History/driving impressions originally published in AutoWeek March 11, 1985
There is something there that loves an Alfa Romeo Giulia Spider. There is an aura, a certain magic, even in the words, that arouses emotion, a definable affection that can be spoken only in Italian: Simpatico.
One not need speak Italian to know the meaning of that one word. (Assuming, of course, that it is Italian. If it isn’t, it should be).Even for those whose fluency in the language is limited to gestures—which is admittedly half the battle—the meaning comes across clearly, even when attempts at definition fail. It is this same primal understanding that is embodied in an Alfa. And nothing says Alfa like a Giulia Spider.
The Giulia (say “Julia”) Spider, which first appeared in 1962, had an origin dating back to 1954 with the introduction of the Giulietta Sprint. The “little Giulia” sedan was the first of the modern generation of Alfa Romeo, a new era of modern realities that made the glorious but limited production supercharged racers and road cars of the ‘30s legends of the years that were, and not a part of Alfa’s postwar Italy. Production was the key to survival, and the Giulietta was the key to that strategy.
The Sprint was a coupe, and was also available as a Berlinetta, or sedan. Both were powered by a 1290cc aluminum alloy engine with classic double overhead cams and hemispherical combustion chambers, an engine with feet planted firmly in the past and the future. And, of course, in the rear of the Giulietta was Alfa’s best-in-the-world live axle.
Then came the Giulietta Spider. Pininfarina designed the elegant roadster body on a wheelbase five inches shorter than that of the Sprint, and in 1956, the first full year of production, more than a thousand were sold, out of a total for all Giuliettas of 9,477. The same year saw the Sprint Veloce variant, with more compression, carburetion and horsepower. Other improvements came during the following years. There was the sexy Sprint Speciale, an aerodynamic Bertone variant, and the Sprint Zagato, an aluminum-bodied racer. But through it all, it was the Giulietta, Little Giulia of the 1300cc.
Eventually it came apparent to Alfa Romeo that one and a third liters wan’t enough. The competition was beginning to catch up. So Alfa did the natural thing. It got a bigger engine. Boring out the DOHC four to 78mm (from 74mm) and stroking it from 75mm to 82mm, Alfa came up with a displacement of 1570cc. The first chassis to get the new, bigger engine was the Giulia TI sedan, the “etta” diminutive having been dropped as the Giulietta came of age. It was 1962,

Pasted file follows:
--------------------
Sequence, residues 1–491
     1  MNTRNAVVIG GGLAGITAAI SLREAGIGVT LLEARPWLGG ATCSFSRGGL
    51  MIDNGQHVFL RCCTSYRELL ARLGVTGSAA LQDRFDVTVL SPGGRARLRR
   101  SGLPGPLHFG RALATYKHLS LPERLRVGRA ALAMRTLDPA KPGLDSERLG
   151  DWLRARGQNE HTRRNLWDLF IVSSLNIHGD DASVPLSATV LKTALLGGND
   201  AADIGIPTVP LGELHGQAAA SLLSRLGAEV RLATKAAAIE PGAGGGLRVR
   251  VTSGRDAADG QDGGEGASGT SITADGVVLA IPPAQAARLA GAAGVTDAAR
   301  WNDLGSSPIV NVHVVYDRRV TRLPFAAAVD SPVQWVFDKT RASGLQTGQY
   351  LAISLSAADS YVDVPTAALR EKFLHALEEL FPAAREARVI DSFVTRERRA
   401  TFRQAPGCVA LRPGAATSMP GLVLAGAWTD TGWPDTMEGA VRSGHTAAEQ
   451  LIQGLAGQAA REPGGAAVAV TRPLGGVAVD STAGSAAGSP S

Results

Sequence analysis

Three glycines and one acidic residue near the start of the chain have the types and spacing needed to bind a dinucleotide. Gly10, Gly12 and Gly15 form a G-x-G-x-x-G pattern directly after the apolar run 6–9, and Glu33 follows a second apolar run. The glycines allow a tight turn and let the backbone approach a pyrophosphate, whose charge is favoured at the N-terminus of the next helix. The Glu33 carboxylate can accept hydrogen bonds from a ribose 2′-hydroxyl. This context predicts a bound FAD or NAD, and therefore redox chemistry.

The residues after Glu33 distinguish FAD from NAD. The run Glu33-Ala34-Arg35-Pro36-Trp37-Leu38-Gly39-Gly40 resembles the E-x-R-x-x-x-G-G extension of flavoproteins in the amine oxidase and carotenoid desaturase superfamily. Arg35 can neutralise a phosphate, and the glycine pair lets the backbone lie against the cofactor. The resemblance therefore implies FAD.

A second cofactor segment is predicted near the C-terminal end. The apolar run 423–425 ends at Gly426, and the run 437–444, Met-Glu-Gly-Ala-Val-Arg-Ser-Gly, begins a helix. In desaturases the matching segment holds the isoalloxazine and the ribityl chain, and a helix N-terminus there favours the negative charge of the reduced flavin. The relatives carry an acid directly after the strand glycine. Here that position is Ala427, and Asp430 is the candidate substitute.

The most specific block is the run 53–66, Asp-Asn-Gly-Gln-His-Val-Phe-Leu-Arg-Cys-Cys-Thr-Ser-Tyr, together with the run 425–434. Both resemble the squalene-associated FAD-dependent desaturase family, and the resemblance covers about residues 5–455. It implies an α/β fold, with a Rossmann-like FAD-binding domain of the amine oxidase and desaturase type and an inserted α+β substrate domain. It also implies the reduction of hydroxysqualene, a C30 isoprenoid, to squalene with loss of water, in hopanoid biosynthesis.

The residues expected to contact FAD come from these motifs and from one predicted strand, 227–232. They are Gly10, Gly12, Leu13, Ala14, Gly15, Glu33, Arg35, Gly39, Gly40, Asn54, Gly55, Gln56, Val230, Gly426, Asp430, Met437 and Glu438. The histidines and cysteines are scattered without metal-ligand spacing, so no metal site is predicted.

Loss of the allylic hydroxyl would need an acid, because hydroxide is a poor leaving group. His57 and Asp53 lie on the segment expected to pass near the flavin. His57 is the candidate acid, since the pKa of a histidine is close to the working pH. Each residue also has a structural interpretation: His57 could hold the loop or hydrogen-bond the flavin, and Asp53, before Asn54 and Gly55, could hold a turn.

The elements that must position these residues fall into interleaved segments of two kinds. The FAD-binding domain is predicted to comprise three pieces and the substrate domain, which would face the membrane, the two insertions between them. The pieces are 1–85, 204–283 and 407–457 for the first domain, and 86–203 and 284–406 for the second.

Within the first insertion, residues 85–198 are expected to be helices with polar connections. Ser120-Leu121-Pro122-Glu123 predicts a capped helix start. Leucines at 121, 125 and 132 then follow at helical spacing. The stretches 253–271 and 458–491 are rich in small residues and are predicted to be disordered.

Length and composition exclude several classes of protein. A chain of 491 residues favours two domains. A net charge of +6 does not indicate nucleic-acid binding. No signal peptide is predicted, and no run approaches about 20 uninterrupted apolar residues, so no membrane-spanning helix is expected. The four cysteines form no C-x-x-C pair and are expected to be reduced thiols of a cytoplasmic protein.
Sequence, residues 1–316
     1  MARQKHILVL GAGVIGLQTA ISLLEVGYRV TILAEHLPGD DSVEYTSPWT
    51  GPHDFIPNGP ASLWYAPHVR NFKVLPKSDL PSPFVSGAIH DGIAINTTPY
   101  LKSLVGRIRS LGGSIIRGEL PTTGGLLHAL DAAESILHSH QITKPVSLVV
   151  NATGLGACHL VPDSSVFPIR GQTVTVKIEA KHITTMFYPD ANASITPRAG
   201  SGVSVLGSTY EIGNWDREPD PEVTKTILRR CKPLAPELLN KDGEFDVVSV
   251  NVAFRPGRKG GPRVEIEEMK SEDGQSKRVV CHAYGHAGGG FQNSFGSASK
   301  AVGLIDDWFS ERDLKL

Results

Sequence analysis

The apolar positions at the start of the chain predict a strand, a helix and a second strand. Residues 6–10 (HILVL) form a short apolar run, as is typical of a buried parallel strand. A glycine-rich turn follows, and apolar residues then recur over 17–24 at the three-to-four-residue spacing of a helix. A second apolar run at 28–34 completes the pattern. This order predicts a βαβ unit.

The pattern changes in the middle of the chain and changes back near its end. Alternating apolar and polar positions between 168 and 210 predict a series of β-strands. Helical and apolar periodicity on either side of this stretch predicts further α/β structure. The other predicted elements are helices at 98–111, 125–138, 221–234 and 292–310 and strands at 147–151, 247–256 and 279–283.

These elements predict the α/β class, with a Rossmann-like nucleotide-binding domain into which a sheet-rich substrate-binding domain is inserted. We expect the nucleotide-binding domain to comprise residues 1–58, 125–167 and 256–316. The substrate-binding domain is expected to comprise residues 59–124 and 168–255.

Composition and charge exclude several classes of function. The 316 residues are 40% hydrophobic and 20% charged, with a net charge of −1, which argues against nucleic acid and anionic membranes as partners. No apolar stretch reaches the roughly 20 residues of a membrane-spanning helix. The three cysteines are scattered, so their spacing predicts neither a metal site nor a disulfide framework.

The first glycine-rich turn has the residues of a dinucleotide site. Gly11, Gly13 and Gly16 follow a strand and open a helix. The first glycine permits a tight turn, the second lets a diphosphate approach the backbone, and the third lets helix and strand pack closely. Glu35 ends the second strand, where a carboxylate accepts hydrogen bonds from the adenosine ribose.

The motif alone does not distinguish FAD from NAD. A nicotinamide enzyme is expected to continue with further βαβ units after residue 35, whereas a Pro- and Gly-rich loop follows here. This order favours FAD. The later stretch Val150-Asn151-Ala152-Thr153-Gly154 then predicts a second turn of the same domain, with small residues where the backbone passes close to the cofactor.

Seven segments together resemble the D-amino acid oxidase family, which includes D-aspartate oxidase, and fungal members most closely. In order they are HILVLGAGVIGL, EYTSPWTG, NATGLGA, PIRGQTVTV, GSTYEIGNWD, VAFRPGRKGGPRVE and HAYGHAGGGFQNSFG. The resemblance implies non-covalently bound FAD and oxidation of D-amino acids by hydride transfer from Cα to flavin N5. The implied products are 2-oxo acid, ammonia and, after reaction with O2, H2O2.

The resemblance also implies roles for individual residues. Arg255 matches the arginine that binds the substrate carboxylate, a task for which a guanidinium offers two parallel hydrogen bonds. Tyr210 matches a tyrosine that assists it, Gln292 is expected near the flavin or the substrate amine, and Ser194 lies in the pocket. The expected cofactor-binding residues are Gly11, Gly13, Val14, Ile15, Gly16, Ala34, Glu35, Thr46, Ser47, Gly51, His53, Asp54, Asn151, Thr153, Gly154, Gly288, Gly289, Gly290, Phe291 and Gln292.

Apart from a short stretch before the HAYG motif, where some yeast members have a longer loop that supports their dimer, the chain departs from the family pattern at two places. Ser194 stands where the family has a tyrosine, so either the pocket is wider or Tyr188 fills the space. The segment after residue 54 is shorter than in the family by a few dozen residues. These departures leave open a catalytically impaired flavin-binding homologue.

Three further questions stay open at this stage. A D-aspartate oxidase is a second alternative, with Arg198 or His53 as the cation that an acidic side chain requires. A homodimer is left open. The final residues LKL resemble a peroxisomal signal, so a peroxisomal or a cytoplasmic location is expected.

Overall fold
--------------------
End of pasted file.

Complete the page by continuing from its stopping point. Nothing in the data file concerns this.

Naturally, Alfa wasn’t long in installing this new engine in the Spider, whose Pininfarina-designed body was unchanged as the engine displacement grew. Alfa spotters, however, could quickly note the difference. The Giulia Spider received a bogus hood scoop, actually a chromed embellishment of a power bulge made necessary by the greater deck height of the 1570cc engine. Actually, with care it is possible to put the bigger engine in older cars, even without the bulge, but for production the reshaped metal was necessary to allow for manufacturing variances.
The engine came in two guises. The first was the 92-HP “Normale” version, with a progressive two-barrel downdraft Solex carburetor and 9.0:1 compression. The second was the “Veloce”—veloce (say veh-LOW-chay) means “fast” or “quick” in Italian, and in Italy, there’s always a Veloce version. It didn’t appear until 1964. Those who waited, however, got 112 horsepower from their engines, thanks to dual-twin throat Webers, hotter cams and a 9.7:1 compression ratio. Regardless of engine, the car came with a five-speed.
The 1962 Giulia belonging to Dan Braudrick of Springfield, Virginia, is perhaps one of the healthiest Spiders in the country, as proven by its first-place finish in the concours at the Alfa club’s 1983 convention. It’s a Normale, of which Alfa made 9,250, compared to the 1,091 Veloces—which it’s not the quickest but it’s what most folks had. And, as Braudrick points out, his is white, like the Giulia in the Alfa ads of the time.